by Dr. Marli Botha

Many of us take our sense of taste for granted, but a taste disorder can have a negative effect on your health and quality of life. If you are having a problem with your sense of taste, you are not alone. Scientists believe that up to 15 percent of adults might have a problem with their taste or smell senses. The senses of taste and smell are very closely related. Most people who go to the doctor because they think they have lost their sense of taste are surprised to learn that they have a smell disorder instead…

Here are a few more interesting facts regarding our taste perceptions:

  1. Lucy Donaldson, a senior lecturer in physiology and pharmacology at the University of Bristol, explains that anxiety and depression can make things taste of cardboard. That’s not just the effect of the anxiety not allowing you to concentrate on eating. The brain actually activates what happens on the tongue.
  2. People with dementia often have taste abnormalities. The taste buds are connected by nerves to the brain. Taste abnormalities can occur when the portion of the brain related to taste is not working properly.
  3. Diabetes may also cause a serious complication called diabetic ketoacidosis. This happens when the body cannot use sugar for fuel and begins using fat instead. This causes an acid called ketones to build up in the body. Excess ketones in the body can cause a sweet, fruity smell and taste in the mouth.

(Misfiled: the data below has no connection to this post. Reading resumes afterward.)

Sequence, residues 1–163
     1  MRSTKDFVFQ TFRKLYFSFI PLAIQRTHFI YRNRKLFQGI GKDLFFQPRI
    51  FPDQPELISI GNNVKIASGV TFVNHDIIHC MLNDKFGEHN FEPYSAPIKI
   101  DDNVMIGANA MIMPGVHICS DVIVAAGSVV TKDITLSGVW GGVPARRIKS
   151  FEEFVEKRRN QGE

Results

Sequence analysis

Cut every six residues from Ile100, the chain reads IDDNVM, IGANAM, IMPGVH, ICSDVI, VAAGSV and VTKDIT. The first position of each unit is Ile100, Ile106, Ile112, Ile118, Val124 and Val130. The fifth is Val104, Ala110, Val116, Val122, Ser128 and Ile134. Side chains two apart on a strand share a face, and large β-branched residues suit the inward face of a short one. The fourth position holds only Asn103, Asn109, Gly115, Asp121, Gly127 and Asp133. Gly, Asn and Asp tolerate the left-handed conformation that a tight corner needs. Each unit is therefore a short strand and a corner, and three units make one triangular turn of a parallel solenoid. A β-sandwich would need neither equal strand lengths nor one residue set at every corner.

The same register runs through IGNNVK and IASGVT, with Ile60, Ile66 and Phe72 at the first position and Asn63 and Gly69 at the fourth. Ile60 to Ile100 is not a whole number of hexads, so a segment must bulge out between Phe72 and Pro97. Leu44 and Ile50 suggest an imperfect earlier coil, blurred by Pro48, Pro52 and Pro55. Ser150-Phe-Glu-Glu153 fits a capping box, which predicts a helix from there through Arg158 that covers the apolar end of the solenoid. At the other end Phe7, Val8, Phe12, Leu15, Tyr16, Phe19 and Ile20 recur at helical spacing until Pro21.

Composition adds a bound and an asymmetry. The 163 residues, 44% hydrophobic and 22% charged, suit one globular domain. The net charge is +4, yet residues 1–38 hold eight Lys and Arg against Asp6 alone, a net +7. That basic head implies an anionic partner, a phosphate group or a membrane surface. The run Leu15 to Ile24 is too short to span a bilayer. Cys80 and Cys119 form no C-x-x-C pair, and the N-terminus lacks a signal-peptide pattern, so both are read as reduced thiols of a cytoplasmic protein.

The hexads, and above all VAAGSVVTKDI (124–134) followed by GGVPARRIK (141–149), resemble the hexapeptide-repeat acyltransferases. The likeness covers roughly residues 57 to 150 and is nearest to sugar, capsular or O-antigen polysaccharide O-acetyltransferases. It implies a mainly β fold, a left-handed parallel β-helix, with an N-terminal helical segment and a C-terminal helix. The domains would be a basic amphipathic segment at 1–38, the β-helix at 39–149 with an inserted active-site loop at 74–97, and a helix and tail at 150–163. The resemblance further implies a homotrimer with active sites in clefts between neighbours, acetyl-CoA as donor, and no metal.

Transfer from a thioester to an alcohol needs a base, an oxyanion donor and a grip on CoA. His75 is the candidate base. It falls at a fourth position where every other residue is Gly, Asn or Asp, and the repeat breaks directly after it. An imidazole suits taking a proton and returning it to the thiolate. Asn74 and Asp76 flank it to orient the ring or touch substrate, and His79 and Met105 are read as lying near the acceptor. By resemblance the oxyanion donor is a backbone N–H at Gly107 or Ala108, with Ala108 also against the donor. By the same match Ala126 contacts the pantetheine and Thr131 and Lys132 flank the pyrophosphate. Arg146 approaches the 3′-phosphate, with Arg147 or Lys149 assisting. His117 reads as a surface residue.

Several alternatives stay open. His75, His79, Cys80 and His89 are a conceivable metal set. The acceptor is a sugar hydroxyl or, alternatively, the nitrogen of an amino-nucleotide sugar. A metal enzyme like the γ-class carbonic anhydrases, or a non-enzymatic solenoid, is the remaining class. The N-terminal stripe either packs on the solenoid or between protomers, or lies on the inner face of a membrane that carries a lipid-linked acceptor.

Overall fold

4. Pregnant women sometimes experience an alteration in the sense of taste, particularly in the early stages of pregnancy. The change in your sense of taste, is likely caused by pregnancy hormones. It may cause you to hate a food that you normally love, or enjoy foods you normally dislike. Sometimes it can cause a sour or metallic taste in your mouth, even if you’re not eating anything. It is most common during the first trimester. As your hormones begin to settle down in the second trimester, your taste buds should return to normal.
  5. Burning mouth syndrome may affect the tongue and other parts of the mouth. It appears suddenly and can be severe as if the mouth was scalded. In addition to a burning sensation, symptoms may include a dry mouth with increased thirst, loss of taste or a bitter or metallic taste.
  6. Some prescription drugs can cause a change in taste perception. These medicines include antibiotics such as tetracycline; the gout medicine allopurinol; lithium, which is used to treat certain psychiatric conditions; and some cardiac medications. When your body absorbs and metabolises the drug or some of the metabolites can be present in the saliva. Medicines that can cause a dry mouth, such as antidepressants, can also be a culprit.
  7. The most common taste disorder is phantom taste perception: a lingering, often unpleasant taste even though there is nothing in your mouth — a condition called hypogeusia.
  8.  Some people can’t detect any tastes, which is called ageusia. True taste loss, however, is rare.

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